It is amazing how media, whether print or television can direct or even transform views of millions through artfully crafted concepts. Lead India Campaign by Times of India (TOI) is one of such simple yet powerful examples. Its innovative videos became cult classic. Paper advert campaign running in parallel was equally influential. ‘None for the road’ campaign by Hindustan times is also one of a kind. It really hammers the drunken driving issue and makes you think. Not only big campaigns but also small, innovative and motivational reports can create huge impact on the way people see things. Yet in spite of being such a powerful weapon, can credibility and quality of media content always be trusted or justified?
Let us consider one recent example. An article in TOI, “scientifically proven: Bradman is the greatest batsman of all time”, made an immediate impact on my friend. She argued that if anything is ‘scientifically proven’ it HAS to be correct. But is it the case? A similar analysis (say, scientific study) done on one of the most popular sports websites (ESPN Cricinfo) determines Vinod Kambli as the greatest batsman ever. How many of us even remember Vinod Kambli that well? Results are very much dependent upon criteria used for the study and different people have different opinions about choosing that criteria. Readers can form unbiased opinions only when they are provided with critical expert views about the matter of concern. Although I do not doubt Bradman’s greatness, it is lack of peer review of news that disturbs me.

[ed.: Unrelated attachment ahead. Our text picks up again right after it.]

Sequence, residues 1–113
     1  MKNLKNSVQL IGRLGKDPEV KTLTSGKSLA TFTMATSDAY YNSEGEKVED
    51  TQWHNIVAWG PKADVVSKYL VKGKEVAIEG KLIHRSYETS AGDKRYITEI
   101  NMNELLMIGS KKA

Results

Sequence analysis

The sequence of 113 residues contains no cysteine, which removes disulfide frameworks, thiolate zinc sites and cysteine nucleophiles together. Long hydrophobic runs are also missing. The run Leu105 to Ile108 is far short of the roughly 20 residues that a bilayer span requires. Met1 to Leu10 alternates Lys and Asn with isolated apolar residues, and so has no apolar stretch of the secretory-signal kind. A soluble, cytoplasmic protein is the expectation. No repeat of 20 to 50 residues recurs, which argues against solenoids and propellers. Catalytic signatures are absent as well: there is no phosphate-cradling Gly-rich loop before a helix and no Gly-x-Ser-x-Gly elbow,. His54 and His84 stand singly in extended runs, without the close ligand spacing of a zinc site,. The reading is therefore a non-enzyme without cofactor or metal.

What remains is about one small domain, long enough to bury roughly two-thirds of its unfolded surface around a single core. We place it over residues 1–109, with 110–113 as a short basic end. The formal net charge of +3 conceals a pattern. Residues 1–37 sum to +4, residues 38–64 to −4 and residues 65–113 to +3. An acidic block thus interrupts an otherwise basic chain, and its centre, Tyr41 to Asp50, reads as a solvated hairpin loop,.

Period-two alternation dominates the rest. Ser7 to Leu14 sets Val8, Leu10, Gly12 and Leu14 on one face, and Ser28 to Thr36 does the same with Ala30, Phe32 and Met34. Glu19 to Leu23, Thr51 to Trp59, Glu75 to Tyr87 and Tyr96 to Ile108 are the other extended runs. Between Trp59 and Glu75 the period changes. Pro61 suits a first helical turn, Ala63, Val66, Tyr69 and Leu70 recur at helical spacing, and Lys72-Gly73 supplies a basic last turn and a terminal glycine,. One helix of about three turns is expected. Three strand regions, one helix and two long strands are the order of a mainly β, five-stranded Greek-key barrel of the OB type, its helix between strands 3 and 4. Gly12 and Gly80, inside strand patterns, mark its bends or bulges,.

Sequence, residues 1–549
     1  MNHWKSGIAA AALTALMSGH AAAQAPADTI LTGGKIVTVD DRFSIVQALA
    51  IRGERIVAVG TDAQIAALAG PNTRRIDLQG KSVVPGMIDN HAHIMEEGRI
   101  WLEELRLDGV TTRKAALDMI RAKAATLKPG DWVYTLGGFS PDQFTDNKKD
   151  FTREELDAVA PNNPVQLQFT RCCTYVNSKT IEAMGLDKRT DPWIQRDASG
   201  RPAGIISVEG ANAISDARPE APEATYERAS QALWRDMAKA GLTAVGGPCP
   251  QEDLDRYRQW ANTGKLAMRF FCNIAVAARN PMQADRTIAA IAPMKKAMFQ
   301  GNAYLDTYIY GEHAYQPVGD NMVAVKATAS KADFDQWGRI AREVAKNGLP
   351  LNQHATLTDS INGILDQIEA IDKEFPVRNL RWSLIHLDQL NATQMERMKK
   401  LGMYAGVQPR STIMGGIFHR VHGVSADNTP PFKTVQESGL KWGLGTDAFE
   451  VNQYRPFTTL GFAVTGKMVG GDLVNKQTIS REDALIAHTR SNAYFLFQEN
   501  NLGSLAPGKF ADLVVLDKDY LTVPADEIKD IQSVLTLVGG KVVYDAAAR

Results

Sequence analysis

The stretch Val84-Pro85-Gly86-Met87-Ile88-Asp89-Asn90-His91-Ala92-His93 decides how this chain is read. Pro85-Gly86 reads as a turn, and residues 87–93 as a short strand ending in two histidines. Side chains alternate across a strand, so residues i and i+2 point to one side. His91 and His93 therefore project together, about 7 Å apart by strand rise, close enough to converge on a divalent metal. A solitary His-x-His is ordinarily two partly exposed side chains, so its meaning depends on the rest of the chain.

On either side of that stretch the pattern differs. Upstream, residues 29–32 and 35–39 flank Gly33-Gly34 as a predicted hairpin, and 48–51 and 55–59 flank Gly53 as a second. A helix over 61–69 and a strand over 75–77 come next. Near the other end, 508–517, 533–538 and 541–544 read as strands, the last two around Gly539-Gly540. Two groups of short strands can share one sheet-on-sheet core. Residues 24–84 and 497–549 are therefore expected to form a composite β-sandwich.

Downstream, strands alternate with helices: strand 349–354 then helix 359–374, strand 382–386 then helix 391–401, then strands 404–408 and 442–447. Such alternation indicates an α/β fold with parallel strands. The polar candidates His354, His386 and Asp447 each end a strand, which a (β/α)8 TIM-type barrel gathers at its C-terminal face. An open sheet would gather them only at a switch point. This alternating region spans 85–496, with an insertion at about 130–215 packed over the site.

Now, cricket is certainly not the most vital of the issues. But how often do we see comments from the nuclear scientist, environmentalist, diplomat, lawyer, and a medical researcher on current governmental nuclear policy in the newspaper? Do these news agencies think that the general reader is not worthy of such insight or is it just a lack of effort from their end to provide complete coverage? What I would like to say here is that we need some expert opinions, a peer review system for articles being published, especially when they make bold claims. Otherwise this information can be seriously misleading. Almost always experts in the various fields are ready to give opinions about ongoing important issues, and that too, free of cost. In this era, when print media is struggling for survival, making information and news more reliable can not only save them but can also empower their readers with strong knowledge base to make well informed decisions.
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